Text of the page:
The 150' Army Corp Dredge CURRITUCK used to dredge Saquatucket Entrance Channel
Text by Tim Wood
Photos by Robin Romano
Its hull opens like a reluctant clam, slowly giving up its contents to the hungry ocean. A seagull that had been happily feeding on eels and minnows squawks and takes flight as the sand beneath its feet begins to break apart and slide away. As its 300-cubic-yard load settles onto the bottom a few hundred feet off Harding's Beach, the Currituck does a slow, graceful turn and heads back to the Stage Harbor channel, where more shoals await the powerful vacuum pumps of the U.S. Army Corps of Engineers' only split-hull dredge. Based in Wilmington, N.C., the 150-foot long, 484-ton dredge spent the past two weeks ferrying sand between the channel and the disposal area, clearing the 150-foot wide, 2-nautical mile long harbor approach to a depth of 10 feet at low water. This week it heads to Saquatucket Harbor in Harwich, where it will spend six days before moving on to Sesuit Harbor in Dennis.
The Currituck, which can dredge up to 3,500 cubic yards of sand a day, is in great demand. "We've worked this year from Florida up to Maine," said Captain Ed Evans, who has been with the vessel since 1980. Like the dredge, his home port is Wilmington, N.C. "Most of the places we go are nice places, like Chatham," he adds in a slow drawl. "It's a real hardship to be in Chatham on the Cape in the summer."
Like the captain, most of the five-member crew hail from North Carolina. They work 12 hours a day for eight days straight before they're relieved by a second crew. Most head home for their days off "just as fast as I can," Captain Evans said, "even when we're on Cape Cod."
Material being pumped from ocean floor into hopper of CURRITUCK Saquatucket Entrance Channel
The dredge operates seven days a week and has little downtime, said mate Bud Gaskins. "Usually the only downtime is because of weather," he said while standing on the deck, shouting to be heard above the sound of water and sand shooting into the hopper through 10, 12-inch pipes. "Very seldom do we have mechanical failures." Aside from Christmas, Thanksgiving and a two or three week period when repairs are made and equipment replaced, "she really works 12 months out of the year," Gaskins said. It costs about $8,000 a day to operate the Currituck, a bill that is paid by the Army Corps of Engineers. "You're tax dollars at work," commented Captain Evans.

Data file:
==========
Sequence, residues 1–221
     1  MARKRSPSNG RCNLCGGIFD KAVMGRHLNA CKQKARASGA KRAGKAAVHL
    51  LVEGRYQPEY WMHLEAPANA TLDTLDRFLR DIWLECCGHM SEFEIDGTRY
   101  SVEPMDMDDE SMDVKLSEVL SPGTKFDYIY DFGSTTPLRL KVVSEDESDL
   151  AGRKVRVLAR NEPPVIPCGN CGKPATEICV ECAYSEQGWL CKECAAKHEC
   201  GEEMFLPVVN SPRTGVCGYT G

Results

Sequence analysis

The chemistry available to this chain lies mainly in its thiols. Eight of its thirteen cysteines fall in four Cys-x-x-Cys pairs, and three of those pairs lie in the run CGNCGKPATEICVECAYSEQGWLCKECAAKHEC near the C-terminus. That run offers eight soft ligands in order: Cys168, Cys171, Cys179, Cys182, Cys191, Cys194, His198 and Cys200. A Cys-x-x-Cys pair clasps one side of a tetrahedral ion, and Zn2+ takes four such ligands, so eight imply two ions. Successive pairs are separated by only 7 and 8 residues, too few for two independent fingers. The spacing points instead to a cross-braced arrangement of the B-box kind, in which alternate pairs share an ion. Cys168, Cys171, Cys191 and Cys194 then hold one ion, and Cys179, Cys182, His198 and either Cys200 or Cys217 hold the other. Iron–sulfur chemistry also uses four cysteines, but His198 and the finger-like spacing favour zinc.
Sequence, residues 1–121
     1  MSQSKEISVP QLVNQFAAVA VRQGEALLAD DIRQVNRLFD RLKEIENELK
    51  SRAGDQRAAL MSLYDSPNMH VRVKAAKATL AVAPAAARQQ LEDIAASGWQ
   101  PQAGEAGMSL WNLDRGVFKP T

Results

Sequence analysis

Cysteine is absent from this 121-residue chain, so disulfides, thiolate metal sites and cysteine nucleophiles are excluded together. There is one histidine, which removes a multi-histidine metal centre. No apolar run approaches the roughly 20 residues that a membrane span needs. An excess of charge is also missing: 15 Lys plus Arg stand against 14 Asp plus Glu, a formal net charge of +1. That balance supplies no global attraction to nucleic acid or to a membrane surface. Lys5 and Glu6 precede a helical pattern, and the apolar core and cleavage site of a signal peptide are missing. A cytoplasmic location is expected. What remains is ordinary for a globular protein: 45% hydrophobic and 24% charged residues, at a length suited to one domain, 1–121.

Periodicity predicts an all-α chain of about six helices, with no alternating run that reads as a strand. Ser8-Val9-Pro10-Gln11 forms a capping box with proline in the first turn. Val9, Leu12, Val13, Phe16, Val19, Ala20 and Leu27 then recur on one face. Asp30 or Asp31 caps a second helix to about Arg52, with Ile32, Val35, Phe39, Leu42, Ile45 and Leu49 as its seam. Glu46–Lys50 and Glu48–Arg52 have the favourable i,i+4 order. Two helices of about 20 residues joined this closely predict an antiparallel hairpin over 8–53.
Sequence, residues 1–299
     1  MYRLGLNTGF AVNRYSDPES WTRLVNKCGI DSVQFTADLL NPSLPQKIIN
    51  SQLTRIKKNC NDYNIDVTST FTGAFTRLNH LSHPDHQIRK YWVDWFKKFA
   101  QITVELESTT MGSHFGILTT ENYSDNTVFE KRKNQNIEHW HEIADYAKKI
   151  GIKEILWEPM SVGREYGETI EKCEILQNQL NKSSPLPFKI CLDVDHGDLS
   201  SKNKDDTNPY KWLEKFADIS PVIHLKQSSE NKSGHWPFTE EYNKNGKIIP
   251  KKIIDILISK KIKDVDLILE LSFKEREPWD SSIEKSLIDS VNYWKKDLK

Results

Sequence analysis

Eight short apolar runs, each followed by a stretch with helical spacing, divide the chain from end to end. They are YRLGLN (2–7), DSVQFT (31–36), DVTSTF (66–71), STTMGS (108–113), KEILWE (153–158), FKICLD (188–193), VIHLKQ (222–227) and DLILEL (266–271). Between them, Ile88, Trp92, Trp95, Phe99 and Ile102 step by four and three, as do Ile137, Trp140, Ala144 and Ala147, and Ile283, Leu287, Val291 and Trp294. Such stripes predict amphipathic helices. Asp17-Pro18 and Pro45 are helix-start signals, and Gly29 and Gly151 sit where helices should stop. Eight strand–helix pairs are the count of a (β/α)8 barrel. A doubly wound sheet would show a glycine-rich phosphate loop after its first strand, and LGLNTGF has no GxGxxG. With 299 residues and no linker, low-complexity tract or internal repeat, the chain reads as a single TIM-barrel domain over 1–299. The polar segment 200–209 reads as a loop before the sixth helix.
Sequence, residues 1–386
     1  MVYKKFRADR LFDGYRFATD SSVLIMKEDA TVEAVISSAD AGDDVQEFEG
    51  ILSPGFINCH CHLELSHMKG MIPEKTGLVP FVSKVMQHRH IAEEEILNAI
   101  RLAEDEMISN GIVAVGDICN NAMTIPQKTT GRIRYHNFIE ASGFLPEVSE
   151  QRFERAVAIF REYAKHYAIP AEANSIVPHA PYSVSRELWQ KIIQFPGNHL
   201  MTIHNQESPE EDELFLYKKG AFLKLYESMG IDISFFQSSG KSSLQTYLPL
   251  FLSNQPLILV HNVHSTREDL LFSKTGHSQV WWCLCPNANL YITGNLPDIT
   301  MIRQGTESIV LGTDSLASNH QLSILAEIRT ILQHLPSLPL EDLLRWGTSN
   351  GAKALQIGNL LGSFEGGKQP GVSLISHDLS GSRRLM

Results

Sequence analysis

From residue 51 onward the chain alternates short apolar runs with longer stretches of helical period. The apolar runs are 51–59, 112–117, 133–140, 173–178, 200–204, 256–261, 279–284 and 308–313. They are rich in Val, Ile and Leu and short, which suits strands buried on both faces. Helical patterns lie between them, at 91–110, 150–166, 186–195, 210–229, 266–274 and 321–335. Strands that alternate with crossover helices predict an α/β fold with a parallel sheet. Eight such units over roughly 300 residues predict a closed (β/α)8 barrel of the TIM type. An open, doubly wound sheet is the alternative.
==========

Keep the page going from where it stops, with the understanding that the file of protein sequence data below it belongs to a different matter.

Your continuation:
In the spacious, air-conditioned cabin of the Currituck, Captain Evans keeps a close eye on the bank of instruments in front of him, occasionally casting a glance to the left at a computer monitor, on which a small boat- shaped object moves in fits and starts past a dotted red line that marks the limit of the dredge disposal area. Pre-dredge survey data collected by the Corps has been programmed into the computer, which keeps track of the Currituck's progress via satelite- controlled global positioning system. It is accurate to within three meters. "That ain't bad at all for a 150-foot boat," the captain pointed out.
Built in 1974, the vessel was originally a barge that worked in tandem with a side-casting dredge. After the dredge filled the Currituck's holding bin, known as the hopper, it would cruise to a near shore dumping area and open the hull, depositing the material. In 1977 the Currituck was converted into a self-contained dredge, modified with two 160-horse power diesel pumps attached to drag heads with 10- inch diameter pipes that act like a vacuum, sucking sand from the bottom of the harbor entrance and spewing a dark-colored slurry mixture into the hopper. As it fills, the vessel rides lower and lower in the water, until the deck is nearly awash. It takes 20 to 25 minutes of dredging to fill the 80-foot long, 8-foot deep hopper; the drag heads can be trimmed when needed to adjust for depth, and the amount of spoil collected can be controlled by adjusting drainage flumes along the side of the hopper.
Sand from channel bottom fills hopper of CURRITUCK Saquatucket Entrance Channel
Captain Evans watches the computer screen, slowing the vessel as the Currituck icon passes the red dotted line marking the disposal area, chosen so that currents would move the loose sand on shore and help build up the beach. Once well within the area, a few hundred feet off Harding's Beach, hydraulic rams at the front and rear of the hopper force apart the twin hulls. Cracks develop in the smooth, wet surface of the collected sand as it begins to sink, slowly seeping out the opening. The decks tilt at an angle as the last particles of sand disappear into Nantucket Sound. The rams can separate the hulls by up to 11 feet. "But its usually only open by one foot," said Captain Evans. "That's usually enough."
Not always under control, here CURRITUCK plowed into center span taking out bridge at Outer Banks
Its cargo dumped, the hulls which are like two huge pontoons come together once again and Captain Evans uses the twin Shottel drive outboard propulsion units to turn the dredge back toward the channel. The outboard units, which swivel 360 degrees and can be raised and lowered, give the huge vessel incredible maneuvering ability. "She'll turn on a dime," said the captain.